Smells like welfare - the use of odours to lower fear and stress in cattle and horses

Last changed: 01 March 2023

Olfaction is the primary sensory modality for most mammalian species including our farm animals (Nielsen et al., 2015). This means that their olfactory environment is of great importance for their wellbeing. Odours may thus represents untouched potential for future tools to safeguard animal welfare (Wells 2009; Nielsen et al., 2019). From rodent studies we know that rats can learn to associate an unrelated odour, with a pleasant interaction with a human (tickling) (Bombail et al., 2020), and male rats prefer to mate with females that smell of almond (or even cadaverine) if they have previously copulated with females doused with these odours (Kippin and Pfaus 2001; Pfaus et al. 2001). There is thus reason to argue that farm animals might also be able to form a positive association between odours and a pleasant experience. Such association could be useful in several situations, e.g. to attract animals to a certain place (i.e. to limit the need for physical moving the animals, which is often associated with high risk on injuries and stress, e.g. Lindahl et al., 2016; Simon et al., 2016). Another efficient means to alleviate stress and anxiety from the human world is the so-called scent-scape (Pálsdóttir et al., 2021). In the scent- or smell-scape an odour (e.g. a conditioned odour (as described above)) is used to alleviate imminent anxiety or fear. This method is used in cognitive behaviour therapy and in urban restorative mental health settings (Hedblom et al., 2019). Although the mechanism is not fully understood, the odour might be a way of diverting attention from the negative emotions and promoting positive emotions. The odour used for this purpose is often essential (i.e. natural) oils. As in humans, some of these odours appear to encourage relaxation and alleviate stress in animals. The ambient odour of lavender, for instance, has repeatedly been shown to decrease motility in laboratory-housed rodents (Buchbauer et al., 1991; Lim et al., 2005; Shaw et al., 2007). The same herb has been shown to reduce activity and vocalisations in dogs housed in rescue shelters (Graham et al., 2005). Odours might thus be useful in on-farm situations both to optimise management routines in the daily procedures, but also during procedures normally associated with high stress. Such situations could e.g. be during transportation, or during veterinary treatments. Odours may in these situations ensure a safer and calmer environment for both humans and animals involved. These mechanisms are the focus of the current phd project, which will investigate several aspects of using odours in on-farm situations as means to alleviate fear and stress in two species: horses and cattle. The PhD project combines the scientific disciplines of neuroscience, ethology and cognition, and includes four studies.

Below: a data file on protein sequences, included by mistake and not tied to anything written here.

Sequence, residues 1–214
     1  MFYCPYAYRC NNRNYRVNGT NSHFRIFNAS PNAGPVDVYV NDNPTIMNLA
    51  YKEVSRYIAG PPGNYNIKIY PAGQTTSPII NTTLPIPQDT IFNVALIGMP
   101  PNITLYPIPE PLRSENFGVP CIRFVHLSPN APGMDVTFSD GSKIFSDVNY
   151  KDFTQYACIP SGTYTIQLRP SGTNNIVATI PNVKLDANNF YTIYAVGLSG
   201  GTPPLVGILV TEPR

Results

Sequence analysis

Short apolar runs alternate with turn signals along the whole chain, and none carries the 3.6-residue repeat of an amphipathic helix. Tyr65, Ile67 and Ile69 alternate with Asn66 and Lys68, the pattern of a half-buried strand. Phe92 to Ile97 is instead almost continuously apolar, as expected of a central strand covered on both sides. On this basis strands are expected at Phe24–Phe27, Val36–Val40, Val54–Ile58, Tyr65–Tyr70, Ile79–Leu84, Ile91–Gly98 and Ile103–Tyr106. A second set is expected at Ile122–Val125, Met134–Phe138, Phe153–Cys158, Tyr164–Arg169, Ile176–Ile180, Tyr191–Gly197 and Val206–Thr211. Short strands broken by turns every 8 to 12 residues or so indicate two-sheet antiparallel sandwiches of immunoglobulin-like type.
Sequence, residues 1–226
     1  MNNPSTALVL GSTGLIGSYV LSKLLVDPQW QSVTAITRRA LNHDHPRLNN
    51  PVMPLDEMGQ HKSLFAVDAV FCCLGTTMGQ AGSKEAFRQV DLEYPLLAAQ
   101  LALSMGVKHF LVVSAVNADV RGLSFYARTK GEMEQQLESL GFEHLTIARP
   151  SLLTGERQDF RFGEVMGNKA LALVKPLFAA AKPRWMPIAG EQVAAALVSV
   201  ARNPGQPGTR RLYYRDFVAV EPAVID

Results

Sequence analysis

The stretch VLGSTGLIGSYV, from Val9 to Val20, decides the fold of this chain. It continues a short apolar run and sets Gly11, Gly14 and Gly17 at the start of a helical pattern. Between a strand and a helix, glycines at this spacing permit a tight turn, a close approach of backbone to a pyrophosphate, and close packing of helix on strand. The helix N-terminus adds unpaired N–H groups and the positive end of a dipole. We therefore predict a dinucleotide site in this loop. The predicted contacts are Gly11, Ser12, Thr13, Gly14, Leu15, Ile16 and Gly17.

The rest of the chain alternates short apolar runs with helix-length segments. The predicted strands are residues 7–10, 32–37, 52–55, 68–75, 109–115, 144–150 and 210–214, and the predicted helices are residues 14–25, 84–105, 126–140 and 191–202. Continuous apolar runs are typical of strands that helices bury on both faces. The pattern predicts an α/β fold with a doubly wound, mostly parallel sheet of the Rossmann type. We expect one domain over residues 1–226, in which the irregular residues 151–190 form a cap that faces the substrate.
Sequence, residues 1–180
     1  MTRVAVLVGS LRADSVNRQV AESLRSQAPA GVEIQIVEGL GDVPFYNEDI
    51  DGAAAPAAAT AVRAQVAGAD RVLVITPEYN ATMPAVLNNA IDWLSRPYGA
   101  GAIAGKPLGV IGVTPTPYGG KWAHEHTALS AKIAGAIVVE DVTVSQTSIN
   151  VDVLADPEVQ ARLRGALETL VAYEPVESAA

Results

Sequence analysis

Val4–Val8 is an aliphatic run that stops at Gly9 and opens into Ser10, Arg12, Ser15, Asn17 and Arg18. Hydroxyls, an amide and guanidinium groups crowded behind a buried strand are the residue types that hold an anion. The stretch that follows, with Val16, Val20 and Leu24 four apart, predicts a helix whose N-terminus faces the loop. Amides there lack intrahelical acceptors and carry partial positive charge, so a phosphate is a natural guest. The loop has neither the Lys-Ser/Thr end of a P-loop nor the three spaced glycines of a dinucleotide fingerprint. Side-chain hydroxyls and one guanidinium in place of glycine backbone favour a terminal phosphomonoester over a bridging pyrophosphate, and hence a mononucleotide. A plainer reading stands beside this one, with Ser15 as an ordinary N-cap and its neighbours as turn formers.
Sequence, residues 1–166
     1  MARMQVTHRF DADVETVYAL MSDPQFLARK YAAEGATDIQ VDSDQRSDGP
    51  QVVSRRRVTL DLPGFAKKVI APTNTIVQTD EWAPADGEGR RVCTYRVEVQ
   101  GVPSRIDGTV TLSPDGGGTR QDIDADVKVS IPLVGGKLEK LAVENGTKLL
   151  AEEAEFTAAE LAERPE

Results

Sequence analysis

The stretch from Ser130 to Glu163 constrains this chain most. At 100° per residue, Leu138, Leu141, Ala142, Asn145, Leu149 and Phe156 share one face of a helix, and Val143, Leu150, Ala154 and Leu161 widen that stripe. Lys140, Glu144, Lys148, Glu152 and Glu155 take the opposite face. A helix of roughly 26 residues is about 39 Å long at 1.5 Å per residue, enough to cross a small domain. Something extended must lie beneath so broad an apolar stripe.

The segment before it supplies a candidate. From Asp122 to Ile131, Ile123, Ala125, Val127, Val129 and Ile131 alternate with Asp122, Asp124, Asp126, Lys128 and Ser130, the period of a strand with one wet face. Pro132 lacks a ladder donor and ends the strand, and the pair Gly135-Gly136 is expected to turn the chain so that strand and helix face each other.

To study the above objective the project is divided in two parts:

  1. Olfactory conditioning and proof of concept – answering the question: can horses and cattle be trained to associate an odour with a pleasant situation?
  2. Lowering fear by use of odours – answering the question: May the positive odour conditioning established in part 1 be used to lower stress and fear reactions in horses and cattle during a stressful event?


Project leader and contact person: Maria Vilain Rørvang,, BT, SLU

PhD student: Johanna Stenfelt, BT, SLU

Project partners:

  • Anna María Palsdottir, People and Society, SLU
  • Hanna Sassner, BT, SLU
  • Vincent Bombail, Scottish Rural College, Edinburgh, Scotland


Project period: 2023-2027